National Institute of Health. (2018). DASH Diet.  Available at https://www.nhlbi.nih.gov/health-topics/dash-eating-plan

Oregon State University Extension.  (2019). Food Hero.  Available at https://foodhero.org/

Texas A&M AgriLife Extension. (2019).  Dinner Tonight.  Available at https://dinnertonight.tamu.edu/

University of Nebraska Lancaster Extension. (2019). Recipe Central.  Available https://food.unl.edu/recipe-central

USDA. (2019).  Let’s all Eat Healthy. Be Healthy. Save.  Available at https://choosemyplate-prod.azureedge.net/sites/default/files/tentips/DGA-Infographic-2018%20%281%29.pdf

America Saves Week, February 25 to March 2, is a chance to remind all of us to start saving a little more – be it for an unexpected crisis, retirement, for a family vacation or home, or just saving an unexpected bonus or gift. Savers with a plan are twice as likely to save successfully for things like retirement or educational advancement. By taking the America Saves Pledge this week you can win up to $750. Sign up for the Pledge at http://go.osu.edu/ohiosave. On the site you can discover saving tools, set goals, sign up for text tips, and share your own saving stories for a chance to win even more money. Let’s look a little closer at these resources –

  • Check out the section with Goal Savings Tips – Includes tips to help you save for emergencies, retirement, a new car, education, or a home. The automobile section for instance has sections to help you decide how much you need to save for the down payment, if you should buy new or used, and tips about car loans.
  • The Money Saving Plans Section – Includes tips to find ways to save money, like reminding yourself to always order water when eating out. Just a couple of drinks will add $10 on to your bill.
  • The Debt and Credit Section – Includes hints to help raise your credit score and ideas for ways to reduce debt and accumulate wealth.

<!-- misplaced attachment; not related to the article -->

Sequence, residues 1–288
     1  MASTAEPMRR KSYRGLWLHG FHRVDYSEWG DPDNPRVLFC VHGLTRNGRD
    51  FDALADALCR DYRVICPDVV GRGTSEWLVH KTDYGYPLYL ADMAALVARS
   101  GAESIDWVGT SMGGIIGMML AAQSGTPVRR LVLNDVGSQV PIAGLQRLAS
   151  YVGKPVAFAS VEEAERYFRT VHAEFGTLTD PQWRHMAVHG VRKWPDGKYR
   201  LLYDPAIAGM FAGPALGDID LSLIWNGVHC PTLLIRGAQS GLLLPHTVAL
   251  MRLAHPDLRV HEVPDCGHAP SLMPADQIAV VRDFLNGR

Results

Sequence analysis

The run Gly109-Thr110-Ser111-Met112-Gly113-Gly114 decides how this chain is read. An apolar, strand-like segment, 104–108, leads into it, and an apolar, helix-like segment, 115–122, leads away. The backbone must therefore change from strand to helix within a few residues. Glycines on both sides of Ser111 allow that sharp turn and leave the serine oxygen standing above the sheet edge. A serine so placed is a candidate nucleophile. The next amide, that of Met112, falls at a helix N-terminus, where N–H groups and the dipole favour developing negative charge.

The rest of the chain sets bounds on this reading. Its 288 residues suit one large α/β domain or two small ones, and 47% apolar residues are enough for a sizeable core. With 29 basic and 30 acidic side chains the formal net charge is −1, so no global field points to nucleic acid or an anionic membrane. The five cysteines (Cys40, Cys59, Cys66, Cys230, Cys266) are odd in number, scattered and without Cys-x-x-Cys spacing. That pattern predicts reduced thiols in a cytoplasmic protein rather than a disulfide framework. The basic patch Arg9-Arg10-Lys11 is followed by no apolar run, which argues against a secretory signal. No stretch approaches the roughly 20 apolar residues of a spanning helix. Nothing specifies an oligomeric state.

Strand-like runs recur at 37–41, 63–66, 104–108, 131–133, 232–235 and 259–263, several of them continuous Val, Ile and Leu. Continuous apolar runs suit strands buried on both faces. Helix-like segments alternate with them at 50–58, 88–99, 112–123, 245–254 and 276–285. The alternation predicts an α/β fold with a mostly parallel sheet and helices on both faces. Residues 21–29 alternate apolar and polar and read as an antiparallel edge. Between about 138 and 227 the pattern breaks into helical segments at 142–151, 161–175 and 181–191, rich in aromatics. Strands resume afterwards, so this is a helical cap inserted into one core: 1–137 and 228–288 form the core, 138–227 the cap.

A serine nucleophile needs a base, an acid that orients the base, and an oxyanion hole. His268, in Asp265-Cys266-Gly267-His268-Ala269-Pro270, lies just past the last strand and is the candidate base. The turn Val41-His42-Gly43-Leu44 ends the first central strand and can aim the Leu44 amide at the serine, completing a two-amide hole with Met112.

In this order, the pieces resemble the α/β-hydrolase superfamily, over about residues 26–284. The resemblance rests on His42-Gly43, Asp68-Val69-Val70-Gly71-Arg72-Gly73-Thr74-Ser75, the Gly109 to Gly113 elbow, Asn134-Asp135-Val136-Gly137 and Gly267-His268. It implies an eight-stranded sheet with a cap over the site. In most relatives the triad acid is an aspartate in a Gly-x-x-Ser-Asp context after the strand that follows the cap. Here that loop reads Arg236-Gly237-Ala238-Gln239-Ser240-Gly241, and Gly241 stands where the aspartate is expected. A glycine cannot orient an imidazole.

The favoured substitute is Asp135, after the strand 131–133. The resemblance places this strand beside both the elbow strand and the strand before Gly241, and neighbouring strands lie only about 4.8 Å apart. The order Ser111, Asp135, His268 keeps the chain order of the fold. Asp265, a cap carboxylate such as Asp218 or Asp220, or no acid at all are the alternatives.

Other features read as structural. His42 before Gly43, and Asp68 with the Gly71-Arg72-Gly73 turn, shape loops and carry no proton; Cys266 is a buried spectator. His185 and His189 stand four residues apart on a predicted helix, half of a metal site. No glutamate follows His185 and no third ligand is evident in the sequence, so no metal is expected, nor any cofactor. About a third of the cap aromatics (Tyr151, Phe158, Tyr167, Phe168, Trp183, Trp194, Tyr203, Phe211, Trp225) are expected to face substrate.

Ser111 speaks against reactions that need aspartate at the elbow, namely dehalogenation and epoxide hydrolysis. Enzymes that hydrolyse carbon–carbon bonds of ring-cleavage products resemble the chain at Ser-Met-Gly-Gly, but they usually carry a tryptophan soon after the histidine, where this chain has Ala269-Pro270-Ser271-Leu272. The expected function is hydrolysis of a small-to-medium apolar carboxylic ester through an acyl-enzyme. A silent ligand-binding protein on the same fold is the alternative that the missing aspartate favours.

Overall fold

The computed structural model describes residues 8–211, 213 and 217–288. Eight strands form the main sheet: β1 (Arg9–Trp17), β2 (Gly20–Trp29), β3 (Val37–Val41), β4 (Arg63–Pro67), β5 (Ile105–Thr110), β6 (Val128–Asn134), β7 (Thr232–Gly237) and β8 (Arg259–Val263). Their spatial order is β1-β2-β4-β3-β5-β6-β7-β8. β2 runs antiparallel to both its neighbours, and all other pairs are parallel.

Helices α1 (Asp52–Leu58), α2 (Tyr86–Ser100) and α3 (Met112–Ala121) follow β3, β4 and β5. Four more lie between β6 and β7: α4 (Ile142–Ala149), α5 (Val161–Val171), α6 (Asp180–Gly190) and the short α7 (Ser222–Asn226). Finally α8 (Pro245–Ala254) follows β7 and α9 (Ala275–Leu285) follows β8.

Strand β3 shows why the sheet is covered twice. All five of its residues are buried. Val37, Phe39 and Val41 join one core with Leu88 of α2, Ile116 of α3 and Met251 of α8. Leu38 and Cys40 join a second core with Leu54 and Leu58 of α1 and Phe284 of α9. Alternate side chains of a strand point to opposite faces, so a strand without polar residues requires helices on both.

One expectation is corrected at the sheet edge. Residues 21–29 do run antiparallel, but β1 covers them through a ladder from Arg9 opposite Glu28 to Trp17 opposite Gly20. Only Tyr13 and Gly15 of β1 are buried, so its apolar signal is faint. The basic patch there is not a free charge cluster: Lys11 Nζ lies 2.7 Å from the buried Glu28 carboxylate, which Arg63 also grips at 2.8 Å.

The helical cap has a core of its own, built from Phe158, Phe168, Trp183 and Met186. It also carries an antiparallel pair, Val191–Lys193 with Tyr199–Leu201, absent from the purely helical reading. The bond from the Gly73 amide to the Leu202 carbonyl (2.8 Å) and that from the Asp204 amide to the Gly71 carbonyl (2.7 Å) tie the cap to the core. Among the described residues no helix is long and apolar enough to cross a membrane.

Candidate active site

• The Savor Story Section – Provides stories from other American’s who took the Pledge and just like all of us, are working to get a handle on their spending and save more. Hopefully they will inspire you to save too.
  • Tools and Resources Section – Links to a number of financial resources from trusted sources includes: a Saver Checklist, Personal Wealth Estimator, Retirement Resources, and resources for Youth.

This is the perfect time of year to save if you are getting an Income Tax Refund this year. Think of that refund as a “Windfall” and consider saving half your refund. There is an additional Save Your Refund Pledge found at http://saveyourrefund.com, up to 100 people who take this pledge will win money. Budget out how you plan to use your refund this year, rather than paying one bill and then blowing the rest away without a plan.

If you think, I don’t make enough to save, you are wrong. Just saving $10 a month will get you moving in the right direction. Then the next time you have a windfall – like a win at the fundraiser 50/50 you can add to it and begin to build your nest egg. This savings will provide you with peace of mind for the next unexpected expense.

 

Writer: Lisa Barlage, Ohio State University Extension, Family and Consumer Sciences Educator, Ross County, barlage.7@osu.edu.

Reviewer:  Pat Brinkman, Ohio State University Extension, Family and Consumer Sciences Educator, Fayette County, brinkman.93@osu.edu

 

Sources:

America Saves, https://americasaves.org/

Save Your Refund, https://saveyourrefund.com/home/

University of Illinois Extension, More for Your Money: Using Your Money Wisely, https://extension.illinois.edu/money/spendingplan.cfm.